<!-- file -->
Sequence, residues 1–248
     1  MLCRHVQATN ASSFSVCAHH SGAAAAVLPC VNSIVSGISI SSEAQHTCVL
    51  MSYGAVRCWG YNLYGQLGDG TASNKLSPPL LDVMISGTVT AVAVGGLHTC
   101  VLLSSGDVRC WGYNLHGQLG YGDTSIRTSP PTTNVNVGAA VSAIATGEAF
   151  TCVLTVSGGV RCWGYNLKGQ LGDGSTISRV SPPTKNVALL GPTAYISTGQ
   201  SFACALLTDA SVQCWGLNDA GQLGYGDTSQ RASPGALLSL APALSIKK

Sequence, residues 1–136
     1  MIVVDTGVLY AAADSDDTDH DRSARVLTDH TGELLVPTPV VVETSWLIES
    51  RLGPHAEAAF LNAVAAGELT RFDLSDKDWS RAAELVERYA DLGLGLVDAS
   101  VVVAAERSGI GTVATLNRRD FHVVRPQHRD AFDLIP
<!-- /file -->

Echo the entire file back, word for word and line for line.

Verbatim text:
Sequence, residues 1–248
     1  MLCRHVQATN ASSFSVCAHH SGAAAAVLPC VNSIVSGISI SSEAQHTCVL
    51  MSYGAVRCWG YNLYGQLGDG TASNKLSPPL LDVMISGTVT AVAVGGLHTC
   101  VLLSSGDVRC WGYNLHGQLG YGDTSIRTSP PTTNVNVGAA VSAIATGEAF
   151  TCVLTVSGGV RCWGYNLKGQ LGDGSTISRV SPPTKNVALL GPTAYISTGQ
   201  SFACALLTDA SVQCWGLNDA GQLGYGDTSQ RASPGALLSL APALSIKK

Sequence, residues 1–136
     1  MIVVDTGVLY AAADSDDTDH DRSARVLTDH TGELLVPTPV VVETSWLIES
    51  RLGPHAEAAF LNAVAAGELT RFDLSDKDWS RAAELVERYA DLGLGLVDAS
   101  VVVAAERSGI GTVATLNRRD FHVVRPQHRD AFDLIP